I was alive and an adult throughout his Presidency, so I am familiar with many of the events he describes. The book fills in a lot more information beyond what was in newspaper stories, of course, and Clinton gives us his emotional and mental thoughts as well. I am not naive about autobiographies, especially political ones, but I was very fascinated. It seemed as truthful as Clinton could be, but it also was careful, especially when referencing other politicians. The sentence ”I liked him” was used most frequently everywhere. Humor was used if Clinton revealed any personal faults of others which could be derogatory, with the exception of discussions about people who were seriously defaming Clinton maliciously. But I must say Clinton also tried to honestly describe his opponents’ views and ideas from where they stood ideologically or because of the constituents who supported them. He also included the variety of beliefs and conclusions advisors gave him when presented with the same set of facts about an issue. The vastly different recommendations of advisors would have had me in a fetal position under the bed, frankly, especially when issues of military force were concerned. Wow.

I found the book to be also a remarkable work record of what decisions, appointments, responsibilities, meetings and travels a President, any President, must handle.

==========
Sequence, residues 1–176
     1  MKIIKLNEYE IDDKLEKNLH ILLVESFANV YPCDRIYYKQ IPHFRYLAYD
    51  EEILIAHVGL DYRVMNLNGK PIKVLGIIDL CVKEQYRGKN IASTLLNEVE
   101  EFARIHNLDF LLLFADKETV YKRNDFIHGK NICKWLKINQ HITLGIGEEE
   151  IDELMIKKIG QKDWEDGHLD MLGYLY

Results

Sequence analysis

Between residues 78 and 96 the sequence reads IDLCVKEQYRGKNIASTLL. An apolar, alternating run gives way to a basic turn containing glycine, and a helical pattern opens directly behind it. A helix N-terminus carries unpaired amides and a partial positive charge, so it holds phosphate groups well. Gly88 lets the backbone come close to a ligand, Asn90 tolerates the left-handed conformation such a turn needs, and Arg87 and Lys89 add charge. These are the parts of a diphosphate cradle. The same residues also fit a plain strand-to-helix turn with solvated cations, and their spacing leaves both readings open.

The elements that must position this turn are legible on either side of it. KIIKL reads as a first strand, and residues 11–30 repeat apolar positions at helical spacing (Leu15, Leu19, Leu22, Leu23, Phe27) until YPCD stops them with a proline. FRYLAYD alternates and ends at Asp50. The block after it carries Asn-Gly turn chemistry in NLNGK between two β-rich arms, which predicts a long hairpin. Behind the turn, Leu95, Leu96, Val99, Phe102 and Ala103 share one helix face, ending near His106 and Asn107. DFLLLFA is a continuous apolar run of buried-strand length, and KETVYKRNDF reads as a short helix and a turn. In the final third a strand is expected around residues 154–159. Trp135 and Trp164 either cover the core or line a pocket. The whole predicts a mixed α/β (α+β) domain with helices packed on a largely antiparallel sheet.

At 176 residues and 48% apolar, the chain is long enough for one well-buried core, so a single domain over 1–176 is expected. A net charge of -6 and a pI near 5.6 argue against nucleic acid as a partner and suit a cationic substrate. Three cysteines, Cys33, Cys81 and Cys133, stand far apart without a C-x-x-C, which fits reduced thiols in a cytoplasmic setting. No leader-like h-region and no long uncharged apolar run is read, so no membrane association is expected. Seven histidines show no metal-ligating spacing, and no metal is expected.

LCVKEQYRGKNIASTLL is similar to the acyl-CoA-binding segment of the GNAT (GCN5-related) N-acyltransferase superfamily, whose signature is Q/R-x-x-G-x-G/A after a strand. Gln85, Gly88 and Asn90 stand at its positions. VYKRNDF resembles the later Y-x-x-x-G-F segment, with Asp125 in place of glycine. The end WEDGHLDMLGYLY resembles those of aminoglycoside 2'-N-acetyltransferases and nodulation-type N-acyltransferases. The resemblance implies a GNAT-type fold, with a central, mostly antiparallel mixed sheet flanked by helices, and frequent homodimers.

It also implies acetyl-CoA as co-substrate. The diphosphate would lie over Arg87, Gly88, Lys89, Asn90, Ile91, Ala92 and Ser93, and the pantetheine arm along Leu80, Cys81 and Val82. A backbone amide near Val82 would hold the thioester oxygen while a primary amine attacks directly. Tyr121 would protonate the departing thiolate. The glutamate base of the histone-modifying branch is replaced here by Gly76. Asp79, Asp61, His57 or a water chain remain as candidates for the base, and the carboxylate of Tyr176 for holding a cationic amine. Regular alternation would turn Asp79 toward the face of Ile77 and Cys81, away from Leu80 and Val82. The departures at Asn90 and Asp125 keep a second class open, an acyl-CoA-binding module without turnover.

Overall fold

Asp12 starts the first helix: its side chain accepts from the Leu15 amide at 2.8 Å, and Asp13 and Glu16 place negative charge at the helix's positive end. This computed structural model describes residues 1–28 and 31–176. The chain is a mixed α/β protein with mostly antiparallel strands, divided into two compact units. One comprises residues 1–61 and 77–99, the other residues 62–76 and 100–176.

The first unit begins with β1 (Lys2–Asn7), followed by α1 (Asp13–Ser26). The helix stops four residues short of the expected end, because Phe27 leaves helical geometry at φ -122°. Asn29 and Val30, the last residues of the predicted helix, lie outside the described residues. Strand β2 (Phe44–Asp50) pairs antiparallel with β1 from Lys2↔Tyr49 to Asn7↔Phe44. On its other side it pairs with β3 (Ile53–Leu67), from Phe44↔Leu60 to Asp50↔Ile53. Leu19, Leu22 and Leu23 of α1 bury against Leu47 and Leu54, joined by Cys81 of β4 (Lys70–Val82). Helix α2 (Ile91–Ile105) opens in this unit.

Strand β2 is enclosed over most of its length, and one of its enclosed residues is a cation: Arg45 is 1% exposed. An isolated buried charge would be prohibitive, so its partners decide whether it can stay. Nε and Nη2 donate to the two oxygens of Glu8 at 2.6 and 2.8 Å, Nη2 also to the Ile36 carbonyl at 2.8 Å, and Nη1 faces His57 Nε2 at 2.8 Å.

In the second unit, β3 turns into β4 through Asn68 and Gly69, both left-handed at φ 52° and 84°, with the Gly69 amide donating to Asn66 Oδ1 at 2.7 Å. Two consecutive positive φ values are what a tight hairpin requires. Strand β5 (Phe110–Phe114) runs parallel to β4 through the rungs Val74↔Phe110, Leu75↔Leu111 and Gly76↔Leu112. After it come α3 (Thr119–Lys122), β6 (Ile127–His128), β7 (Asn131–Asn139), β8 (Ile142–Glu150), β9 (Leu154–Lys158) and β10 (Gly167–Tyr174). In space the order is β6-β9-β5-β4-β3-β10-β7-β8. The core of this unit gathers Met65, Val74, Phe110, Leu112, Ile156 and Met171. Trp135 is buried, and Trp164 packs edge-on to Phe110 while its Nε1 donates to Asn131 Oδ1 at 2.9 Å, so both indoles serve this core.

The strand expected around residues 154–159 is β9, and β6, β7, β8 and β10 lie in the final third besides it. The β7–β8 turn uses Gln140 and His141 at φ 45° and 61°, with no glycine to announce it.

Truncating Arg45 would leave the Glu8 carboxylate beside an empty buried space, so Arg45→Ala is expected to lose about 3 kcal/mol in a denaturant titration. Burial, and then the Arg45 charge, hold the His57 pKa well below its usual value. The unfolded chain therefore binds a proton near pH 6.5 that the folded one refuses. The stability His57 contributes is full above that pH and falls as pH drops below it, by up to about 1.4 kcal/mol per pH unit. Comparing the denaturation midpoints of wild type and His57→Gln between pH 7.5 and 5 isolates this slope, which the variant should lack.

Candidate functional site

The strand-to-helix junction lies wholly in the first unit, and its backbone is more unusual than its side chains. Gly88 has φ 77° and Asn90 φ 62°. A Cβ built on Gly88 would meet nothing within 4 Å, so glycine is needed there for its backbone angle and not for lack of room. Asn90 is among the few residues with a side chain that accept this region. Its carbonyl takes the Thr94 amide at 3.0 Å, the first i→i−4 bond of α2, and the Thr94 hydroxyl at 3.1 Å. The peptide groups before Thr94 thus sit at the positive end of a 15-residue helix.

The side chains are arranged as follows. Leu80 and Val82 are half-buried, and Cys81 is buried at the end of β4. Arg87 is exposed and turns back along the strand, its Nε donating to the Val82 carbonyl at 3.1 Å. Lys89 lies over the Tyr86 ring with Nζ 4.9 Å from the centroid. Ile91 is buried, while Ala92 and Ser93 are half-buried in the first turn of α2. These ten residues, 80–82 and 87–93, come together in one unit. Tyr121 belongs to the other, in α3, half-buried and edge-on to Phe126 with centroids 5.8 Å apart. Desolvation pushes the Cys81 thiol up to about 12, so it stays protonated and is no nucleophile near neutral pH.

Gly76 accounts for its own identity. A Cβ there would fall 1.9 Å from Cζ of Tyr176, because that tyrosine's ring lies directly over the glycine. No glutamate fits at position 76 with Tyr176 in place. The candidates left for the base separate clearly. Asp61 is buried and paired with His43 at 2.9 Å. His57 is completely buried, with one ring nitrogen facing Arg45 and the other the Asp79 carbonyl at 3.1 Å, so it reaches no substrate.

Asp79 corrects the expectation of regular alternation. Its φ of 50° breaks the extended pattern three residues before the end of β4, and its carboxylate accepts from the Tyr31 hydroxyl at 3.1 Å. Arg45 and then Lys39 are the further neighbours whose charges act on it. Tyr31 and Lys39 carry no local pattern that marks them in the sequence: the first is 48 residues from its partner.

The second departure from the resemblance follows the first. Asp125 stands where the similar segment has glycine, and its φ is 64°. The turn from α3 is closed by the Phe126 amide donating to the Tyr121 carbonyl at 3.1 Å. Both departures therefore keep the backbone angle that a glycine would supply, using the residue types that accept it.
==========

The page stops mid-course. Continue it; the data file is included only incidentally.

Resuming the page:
Within a working day, American Presidents may decide to invade and destroy with a huge military force a foreign country - or not, to shut down the funding and stop providing experts for a health program and/or begin a new health program affecting millions of people, attend a baseball game and then a medal award ceremony, dig a shovelful of groundbreaking dirt for photos in opening a new factory, select a federal judge, fire a staff member suspected of media leaks, open up a new finance auditing office, meet-and-greet rich business people to ask for campaign money, discuss and sign thirty bills passed by Congress, meet Congressional staffers and/or cabinet members and world leaders in an economic summit to discuss cellphones and iron imports and toilet-paper exports, attend the opening of a musical play, check out an interior designer’s suggestions for White House curtains and consult with a historian for moving in historical White House furniture, give ten speeches, and close out the day with a televised ceremonial dinner for a Hollywood singer.